Efforts to cut methane emissions in 2022 have not been enough to meet the 7% annual reduction targets needed to meet Global Methane Pledge objectives, according to climate data company Kayrros.
As the UN Climate Change Conference, COP27, gets underway at Sharm El Sheikh, satellite data analysis from Kayrros shows the number of large global super-emitters, responsible for 10% of global emissions, has not significantly fallen in 2022, leaving Global Methane Pledge ambitions out of reach.
The pledge, agreed by over 100 countries at COP26 last year, holds signatories to reducing methane emissions by 30% by 2030. However, Kayrros does not see any notable progress except in Australia, while emissions from Algeria’s Hassi R’Mel basin have increased significantly through 2022.
Methane has 80 times the global heating potential of carbon dioxide in the first 20 years after reaching the atmosphere.
Antoine Rostand, Co-Founder and President of Kayrros, said: “We are still a way off the commitments made to cutting methane emissions. Limited regulation and emissions controls in some parts of the world are holding back real progress, even as the climate crisis moves to the top of the news agenda.
“More must also be done to ensure developed nations do not export their emissions elsewhere, swapping domestic production and waste management for cheap alternatives abroad.”
Improving satellite imaging technology has allowed for a granular understanding of these problems and better reporting of risk, he added.
“This supports the industry in making more informed decisions, coupled with policy updates, notably with the US Inflation Reduction Act and changes in key economies, to create the regulatory and financial incentives to accelerate abatement measures,” he said.
“There is hope. Based on our analysis, it is entirely achievable that with the right policy and incentives, we could eliminate all serious emitters and even exceed the Global Methane Pledge commitments by 2030. The Inflation Reduction Act will go a way to providing these incentives for businesses to modernise infrastructure and improve practices. Better and more transparent data will be needed at every turn to fully understand and respond appropriately to the challenges ahead.”
Super-emitters — facilities, equipment, and other infrastructure that account for around 10% of all energy-related emissions — are considered a major obstacle to tackling the climate crisis due to the way the gas traps heat in the atmosphere.
The rate at which super-emitters emit methane remains high, especially in the developing world, which may be more prone to leaky gas infrastructure and limited emission controls for landfills.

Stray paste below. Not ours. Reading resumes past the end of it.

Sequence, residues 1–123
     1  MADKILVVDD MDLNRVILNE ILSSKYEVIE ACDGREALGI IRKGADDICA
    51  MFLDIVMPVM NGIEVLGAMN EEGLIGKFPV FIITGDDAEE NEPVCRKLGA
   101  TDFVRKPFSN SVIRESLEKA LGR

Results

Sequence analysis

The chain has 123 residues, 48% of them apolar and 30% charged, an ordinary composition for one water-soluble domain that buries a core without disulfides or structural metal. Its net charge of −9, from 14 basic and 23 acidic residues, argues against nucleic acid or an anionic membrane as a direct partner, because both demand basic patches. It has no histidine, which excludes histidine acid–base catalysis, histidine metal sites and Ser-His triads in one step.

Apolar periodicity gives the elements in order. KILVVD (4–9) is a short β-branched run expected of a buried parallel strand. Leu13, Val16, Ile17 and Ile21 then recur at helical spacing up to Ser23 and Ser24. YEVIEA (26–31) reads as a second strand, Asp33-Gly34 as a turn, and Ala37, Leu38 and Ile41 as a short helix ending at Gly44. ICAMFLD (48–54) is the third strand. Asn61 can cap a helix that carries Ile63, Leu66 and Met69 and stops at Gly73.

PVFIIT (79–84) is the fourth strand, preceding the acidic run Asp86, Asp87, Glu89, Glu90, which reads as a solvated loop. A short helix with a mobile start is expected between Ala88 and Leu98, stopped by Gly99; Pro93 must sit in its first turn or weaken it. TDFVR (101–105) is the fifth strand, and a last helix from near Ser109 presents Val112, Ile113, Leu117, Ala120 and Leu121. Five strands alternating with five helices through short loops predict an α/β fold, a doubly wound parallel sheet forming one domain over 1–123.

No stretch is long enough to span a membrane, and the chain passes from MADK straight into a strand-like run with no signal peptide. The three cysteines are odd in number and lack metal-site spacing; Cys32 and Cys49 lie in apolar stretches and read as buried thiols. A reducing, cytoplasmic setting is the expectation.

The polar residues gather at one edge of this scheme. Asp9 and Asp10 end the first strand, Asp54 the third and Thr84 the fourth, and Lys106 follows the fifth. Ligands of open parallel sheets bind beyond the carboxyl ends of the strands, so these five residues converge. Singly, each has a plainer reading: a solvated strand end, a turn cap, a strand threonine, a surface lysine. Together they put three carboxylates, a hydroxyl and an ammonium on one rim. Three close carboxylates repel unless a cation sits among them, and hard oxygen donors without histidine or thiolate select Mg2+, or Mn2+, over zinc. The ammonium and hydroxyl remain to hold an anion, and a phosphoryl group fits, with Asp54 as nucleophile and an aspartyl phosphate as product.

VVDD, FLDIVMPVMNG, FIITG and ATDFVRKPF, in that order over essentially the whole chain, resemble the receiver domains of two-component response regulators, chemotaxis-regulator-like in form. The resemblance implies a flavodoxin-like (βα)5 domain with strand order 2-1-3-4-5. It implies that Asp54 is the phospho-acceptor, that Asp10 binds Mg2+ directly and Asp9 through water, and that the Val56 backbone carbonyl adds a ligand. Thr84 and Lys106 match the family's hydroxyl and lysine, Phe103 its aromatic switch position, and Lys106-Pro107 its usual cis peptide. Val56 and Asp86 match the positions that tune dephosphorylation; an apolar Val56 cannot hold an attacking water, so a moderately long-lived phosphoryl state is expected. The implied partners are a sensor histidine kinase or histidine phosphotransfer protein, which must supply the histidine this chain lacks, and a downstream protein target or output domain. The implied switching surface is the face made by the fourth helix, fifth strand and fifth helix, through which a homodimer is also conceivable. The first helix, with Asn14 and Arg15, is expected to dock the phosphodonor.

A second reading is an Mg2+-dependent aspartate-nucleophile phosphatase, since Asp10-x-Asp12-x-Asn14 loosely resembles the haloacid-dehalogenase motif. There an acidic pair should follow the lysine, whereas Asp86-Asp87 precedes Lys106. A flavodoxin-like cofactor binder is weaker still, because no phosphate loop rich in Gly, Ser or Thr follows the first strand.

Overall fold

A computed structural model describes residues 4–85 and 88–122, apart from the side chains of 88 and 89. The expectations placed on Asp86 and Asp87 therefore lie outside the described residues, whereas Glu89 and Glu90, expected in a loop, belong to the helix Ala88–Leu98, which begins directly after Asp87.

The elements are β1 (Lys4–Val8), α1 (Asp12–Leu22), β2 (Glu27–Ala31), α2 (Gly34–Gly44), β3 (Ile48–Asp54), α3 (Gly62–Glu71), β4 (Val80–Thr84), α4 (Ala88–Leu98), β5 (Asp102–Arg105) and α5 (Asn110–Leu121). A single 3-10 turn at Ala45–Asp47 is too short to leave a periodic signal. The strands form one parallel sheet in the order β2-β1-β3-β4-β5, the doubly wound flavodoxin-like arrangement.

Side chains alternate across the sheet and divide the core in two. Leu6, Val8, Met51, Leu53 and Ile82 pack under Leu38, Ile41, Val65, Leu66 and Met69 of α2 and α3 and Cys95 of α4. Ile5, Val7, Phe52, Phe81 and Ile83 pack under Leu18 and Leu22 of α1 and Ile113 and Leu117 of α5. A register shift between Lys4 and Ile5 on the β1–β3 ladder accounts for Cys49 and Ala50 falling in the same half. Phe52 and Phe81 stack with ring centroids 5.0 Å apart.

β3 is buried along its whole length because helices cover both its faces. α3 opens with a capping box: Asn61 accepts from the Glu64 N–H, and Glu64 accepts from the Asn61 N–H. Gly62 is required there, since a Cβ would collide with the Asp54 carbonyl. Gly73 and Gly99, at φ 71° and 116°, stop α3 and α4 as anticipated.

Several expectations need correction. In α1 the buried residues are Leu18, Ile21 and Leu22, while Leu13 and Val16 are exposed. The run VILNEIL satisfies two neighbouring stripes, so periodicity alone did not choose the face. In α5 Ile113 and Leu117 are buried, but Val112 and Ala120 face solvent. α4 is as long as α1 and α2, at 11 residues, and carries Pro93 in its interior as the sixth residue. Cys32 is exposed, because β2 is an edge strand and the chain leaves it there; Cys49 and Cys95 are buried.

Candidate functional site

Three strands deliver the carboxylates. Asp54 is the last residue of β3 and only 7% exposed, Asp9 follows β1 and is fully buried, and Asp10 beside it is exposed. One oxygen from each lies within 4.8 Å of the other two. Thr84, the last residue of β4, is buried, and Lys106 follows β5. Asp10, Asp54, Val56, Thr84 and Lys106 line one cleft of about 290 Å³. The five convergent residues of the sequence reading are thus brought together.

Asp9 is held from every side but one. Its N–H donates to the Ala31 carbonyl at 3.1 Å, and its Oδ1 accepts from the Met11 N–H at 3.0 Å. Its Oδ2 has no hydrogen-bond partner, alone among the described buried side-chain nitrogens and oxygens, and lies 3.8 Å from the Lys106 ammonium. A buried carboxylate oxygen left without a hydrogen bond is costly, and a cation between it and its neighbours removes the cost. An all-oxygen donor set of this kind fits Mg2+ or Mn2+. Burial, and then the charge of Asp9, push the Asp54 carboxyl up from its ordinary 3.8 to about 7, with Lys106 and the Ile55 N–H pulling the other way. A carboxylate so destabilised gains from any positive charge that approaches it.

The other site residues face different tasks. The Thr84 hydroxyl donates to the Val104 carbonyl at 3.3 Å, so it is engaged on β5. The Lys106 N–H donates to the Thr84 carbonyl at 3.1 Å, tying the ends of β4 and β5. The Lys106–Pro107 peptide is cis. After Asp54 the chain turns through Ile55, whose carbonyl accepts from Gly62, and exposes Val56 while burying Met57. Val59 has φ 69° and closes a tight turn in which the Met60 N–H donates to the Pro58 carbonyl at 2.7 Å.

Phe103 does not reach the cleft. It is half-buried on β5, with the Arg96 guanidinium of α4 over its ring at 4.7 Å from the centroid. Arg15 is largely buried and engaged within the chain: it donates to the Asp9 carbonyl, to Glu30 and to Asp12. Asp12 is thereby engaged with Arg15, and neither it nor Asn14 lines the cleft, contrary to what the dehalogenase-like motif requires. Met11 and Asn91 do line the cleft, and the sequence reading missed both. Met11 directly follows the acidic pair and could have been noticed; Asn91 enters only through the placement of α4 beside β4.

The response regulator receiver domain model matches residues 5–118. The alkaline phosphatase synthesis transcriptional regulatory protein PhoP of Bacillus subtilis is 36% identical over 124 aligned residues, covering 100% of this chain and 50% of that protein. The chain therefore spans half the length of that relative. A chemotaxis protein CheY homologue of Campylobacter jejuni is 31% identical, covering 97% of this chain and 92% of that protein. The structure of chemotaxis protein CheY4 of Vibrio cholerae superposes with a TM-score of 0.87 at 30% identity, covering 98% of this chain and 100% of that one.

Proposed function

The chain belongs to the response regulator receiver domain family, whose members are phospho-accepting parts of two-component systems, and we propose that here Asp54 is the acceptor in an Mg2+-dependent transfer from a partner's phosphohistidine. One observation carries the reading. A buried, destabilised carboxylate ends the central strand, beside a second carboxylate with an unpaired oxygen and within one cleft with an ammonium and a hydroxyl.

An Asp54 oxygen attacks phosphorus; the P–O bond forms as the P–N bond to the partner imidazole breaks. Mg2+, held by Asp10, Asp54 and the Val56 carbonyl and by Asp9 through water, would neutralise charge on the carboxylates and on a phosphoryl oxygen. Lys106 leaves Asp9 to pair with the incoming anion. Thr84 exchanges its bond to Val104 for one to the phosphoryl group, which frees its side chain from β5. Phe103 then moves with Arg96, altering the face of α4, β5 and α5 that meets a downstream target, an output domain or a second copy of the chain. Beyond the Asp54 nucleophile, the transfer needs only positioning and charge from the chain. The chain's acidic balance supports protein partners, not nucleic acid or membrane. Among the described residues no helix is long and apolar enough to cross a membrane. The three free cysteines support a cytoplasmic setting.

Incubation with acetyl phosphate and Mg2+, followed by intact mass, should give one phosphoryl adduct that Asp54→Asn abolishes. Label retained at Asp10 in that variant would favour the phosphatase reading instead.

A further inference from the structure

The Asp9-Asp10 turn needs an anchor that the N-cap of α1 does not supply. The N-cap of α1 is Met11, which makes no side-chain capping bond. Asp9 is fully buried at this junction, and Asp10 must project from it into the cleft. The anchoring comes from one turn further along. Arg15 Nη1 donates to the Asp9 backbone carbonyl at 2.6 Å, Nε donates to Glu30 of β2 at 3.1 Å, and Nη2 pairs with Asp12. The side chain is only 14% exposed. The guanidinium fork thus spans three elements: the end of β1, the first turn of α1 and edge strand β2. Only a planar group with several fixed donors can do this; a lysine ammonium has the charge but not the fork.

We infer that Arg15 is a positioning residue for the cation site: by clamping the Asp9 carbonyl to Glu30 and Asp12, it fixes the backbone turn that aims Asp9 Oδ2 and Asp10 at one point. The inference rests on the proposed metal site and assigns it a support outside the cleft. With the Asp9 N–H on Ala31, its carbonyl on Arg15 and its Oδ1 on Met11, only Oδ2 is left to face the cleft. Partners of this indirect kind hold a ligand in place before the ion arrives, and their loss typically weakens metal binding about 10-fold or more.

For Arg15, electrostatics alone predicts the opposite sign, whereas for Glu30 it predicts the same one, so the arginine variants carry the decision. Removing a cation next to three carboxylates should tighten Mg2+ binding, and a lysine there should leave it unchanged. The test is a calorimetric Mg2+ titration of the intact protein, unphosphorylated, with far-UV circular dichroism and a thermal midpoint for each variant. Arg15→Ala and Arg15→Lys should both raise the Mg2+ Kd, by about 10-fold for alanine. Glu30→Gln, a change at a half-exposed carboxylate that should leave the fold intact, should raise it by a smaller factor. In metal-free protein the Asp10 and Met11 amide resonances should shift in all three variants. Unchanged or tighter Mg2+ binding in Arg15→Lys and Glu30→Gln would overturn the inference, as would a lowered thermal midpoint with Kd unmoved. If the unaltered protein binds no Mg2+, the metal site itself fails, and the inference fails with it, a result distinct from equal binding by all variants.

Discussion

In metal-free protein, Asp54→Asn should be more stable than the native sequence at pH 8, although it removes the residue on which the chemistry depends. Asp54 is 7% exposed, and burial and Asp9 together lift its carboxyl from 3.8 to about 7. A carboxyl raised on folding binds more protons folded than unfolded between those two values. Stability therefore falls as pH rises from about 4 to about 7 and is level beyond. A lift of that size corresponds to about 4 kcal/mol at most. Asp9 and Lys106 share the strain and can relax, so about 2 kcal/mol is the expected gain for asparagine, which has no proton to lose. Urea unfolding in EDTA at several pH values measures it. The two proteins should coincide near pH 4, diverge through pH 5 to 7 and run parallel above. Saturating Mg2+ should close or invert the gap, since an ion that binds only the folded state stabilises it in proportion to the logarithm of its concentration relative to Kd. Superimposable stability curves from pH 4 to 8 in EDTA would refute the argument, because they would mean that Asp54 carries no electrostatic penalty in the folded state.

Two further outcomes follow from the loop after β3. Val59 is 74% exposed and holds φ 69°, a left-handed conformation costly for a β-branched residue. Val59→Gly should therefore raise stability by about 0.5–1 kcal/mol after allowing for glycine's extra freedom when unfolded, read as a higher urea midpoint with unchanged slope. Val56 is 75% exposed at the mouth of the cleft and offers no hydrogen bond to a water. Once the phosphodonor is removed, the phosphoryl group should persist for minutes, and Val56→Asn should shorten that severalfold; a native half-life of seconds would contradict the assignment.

McKinsey notes that methane emissions have risen by about 25% in the past 20 years and says the current trajectory is far off the 2 percent annual decline that would be required to meet the 1.5°C or 2°C warming objectives of the Paris Agreement.
But it also has grounds for optimism, saying five key industries – including oil and gas – could reduce global annual methane emissions by 20% by 2030 and 46% by 2050.
While methane and carbon dioxide (CO2) have similar warming effects, they are contrasting in several aspects. Methane stays in the atmosphere for just a decade, compared with the centuries-long persistence of CO2, but traps many times more heat.
The industry is stepping up efforts to tackle the problem. Last week NextEra Energy Resources and Coffee County, Alabama, announced plans to build the first landfill renewable natural gas (RNG) production facility in the state of Alabama.
The project will be located at a landfill owned and operated by Coffee County and interconnect with a pipeline owned by Southeast Gas, the leading gas utility in the region. All of the gas from the project will be sold to Southeast Gas under a long-term contract.
Both companies will work to upgrade the existing landfill gas collection system and build a new RNG production facility that will capture and convert 1,100 standard cubic feet per minute of landfill methane gas per year to RNG. On an annual basis, the project is expected to capture over 16,500 metric tonnes of landfill methane.
As energy prices continue to soar across Europe, biomethane could – once scaled-up – cover 30-40% of EU gas demand at considerably lower cost, according to a report earlier this year from the European Biogas Association (click here).
COP27 will host a series of thematic days in the next two weeks to highlight key climate change challenges, and the conference is attracting world leaders and more than 50,000 attendees.